Just like us, animals can also damage or lose their teeth with age and disease. So is the case with your guinea pig.
However, your pet’s teeth are different than ours.
To determine how you can treat tooth loss in your cavy, you should familiarize yourself with their dental structure first.
What Guinea Pig Teeth Look Like
Contrary to popular belief, your cavy actually has 20 teeth.
Besides the 2 large upper and lower incisors their mouth has a pair of upper and lower molars as well.
However, rather than canines, they have a gap called a diastema between their two main teeth.
The teeth are also open rooted and never stop growing but you can prevent them from overgrowing by giving them hard veggies to gnaw on.
The front teeth are quite sharp and the enamel is white.
Their chubby cheeks make their molars almost impossible to detect even when their mouths are pried open.
This is not a problem for vets who have buccal pad separators.
Common Dental Problems with Guinea Pigs
Even if you take really good care of your cavy’s dental hygiene, it may still get dental diseases that can make its teeth fall out or get damaged.
Here are some common ones it can suffer from:
A guinea pig’s teeth are similar to a rabbit’s.
Both have teeth that are open rooted and never stop growing.
However, in some cases, the roots of your cavy’s teeth can encroach in the jaw and start growing there.
These are called elongated roots and while an oral examination may not reveal anything, bumps along the lower jawline are a telltale sign.
If your pet’s eyes are also teary or swollen that can also be a sign that their teeth are growing all over the place.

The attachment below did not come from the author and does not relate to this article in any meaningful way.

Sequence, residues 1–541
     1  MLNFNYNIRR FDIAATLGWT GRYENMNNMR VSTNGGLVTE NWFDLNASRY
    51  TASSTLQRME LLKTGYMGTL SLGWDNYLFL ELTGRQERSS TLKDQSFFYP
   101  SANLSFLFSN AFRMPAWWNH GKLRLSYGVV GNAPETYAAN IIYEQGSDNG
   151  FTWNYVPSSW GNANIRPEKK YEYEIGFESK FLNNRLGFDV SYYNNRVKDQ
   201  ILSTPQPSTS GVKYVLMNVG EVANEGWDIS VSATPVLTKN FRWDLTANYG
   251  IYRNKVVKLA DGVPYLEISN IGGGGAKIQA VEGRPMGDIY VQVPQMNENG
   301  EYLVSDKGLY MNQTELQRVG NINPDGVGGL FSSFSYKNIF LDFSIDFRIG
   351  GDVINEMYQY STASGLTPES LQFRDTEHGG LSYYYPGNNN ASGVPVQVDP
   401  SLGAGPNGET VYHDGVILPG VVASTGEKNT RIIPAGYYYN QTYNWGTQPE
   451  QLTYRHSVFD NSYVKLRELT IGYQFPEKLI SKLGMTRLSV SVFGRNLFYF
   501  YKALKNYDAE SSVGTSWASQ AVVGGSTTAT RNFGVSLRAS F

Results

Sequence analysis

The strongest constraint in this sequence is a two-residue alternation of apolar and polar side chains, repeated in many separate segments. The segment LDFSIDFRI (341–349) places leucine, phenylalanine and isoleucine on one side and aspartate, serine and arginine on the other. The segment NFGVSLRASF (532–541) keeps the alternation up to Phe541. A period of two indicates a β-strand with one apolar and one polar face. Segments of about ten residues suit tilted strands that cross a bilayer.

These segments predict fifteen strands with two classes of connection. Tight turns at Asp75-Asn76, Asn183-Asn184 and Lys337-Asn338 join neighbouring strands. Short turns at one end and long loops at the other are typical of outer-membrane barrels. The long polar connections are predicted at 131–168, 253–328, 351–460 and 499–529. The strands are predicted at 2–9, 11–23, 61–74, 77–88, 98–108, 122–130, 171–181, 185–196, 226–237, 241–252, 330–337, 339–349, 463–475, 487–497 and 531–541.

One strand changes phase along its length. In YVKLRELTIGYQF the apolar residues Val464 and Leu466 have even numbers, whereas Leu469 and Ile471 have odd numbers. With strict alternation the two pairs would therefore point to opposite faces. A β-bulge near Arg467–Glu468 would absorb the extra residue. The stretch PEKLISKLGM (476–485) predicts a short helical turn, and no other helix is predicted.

The first thing you need to do is take your guinea pig for an X-ray so the condition can be diagnosed. Any elongated roots will show up in the print.
If the issue is caught early your cavy may only need a chin sling. This is a small sling that is attached with Velcro straps around the pig’s jaw.
If your guinea pig’s teeth are overgrow or its diet does not have enough hard food that can wear them down, its teeth will become maloccluded.
The front teeth will appear larger than normal but they may hide the back teeth which may also be distorted.
If the condition is not corrected in time, your guinea pig will have trouble chewing and the front teeth will start to deteriorate as well.
It can also lead to mouth sores, injuries, and infections to the point that your pet may stop eating altogether and start losing weight.
Besides lack of appetite, be on the lookout for these symptoms if you think your pet has this condition:
- A constantly gaping mouth.
- Discharge from the nose and eyes.
- Chewing from one side of the mouth
- Constantly wet chin
- Picking up food but not eating it
Teeth that are mallocluded are hard to miss so chances are your vet may not ask you to get your pig X-rayed.
Once the condition is determined, you should have the teeth filed down.
If the problem is serious or too far gone for this to work, you may have to do multiple visits until the issue goes away.
Tooth Loss and Damaged Teeth
If you give your cavy a diet that does not have sufficient vitamin C its teeth will get brittle with time.
The result will be broken teeth or complete tooth loss from minor bumps and accidents.
A healthy guinea pig will have no trouble growing replacements but a cavy that is deficient in this vital vitamin can also suffer from damaged gums.
Check if your cavy lost a tooth by checking its gums.
If you see a bloody hole where a tooth used to be, clean it out using a syringe filled with slightly salted water.
This will clean out the wound and prevent an infection from setting in.
However, if the tooth is intact but damaged or chipped, take your pet to the vet.
It may need to be extracted and you don’t have the tools, facility, and training to do it safely.
If the teeth start to grow inwards and touch the mouth then you need to book an appointment right away.
Is Sedation Necessary?
As a concerned pet owner, you will naturally be worried about your fur baby if it is undergoing a surgical procedure.
Most worry about sedation and whether their guinea pig can come out of it fine or not.
The good news is that most dental procedures for cavies don’t involve a general anesthetic.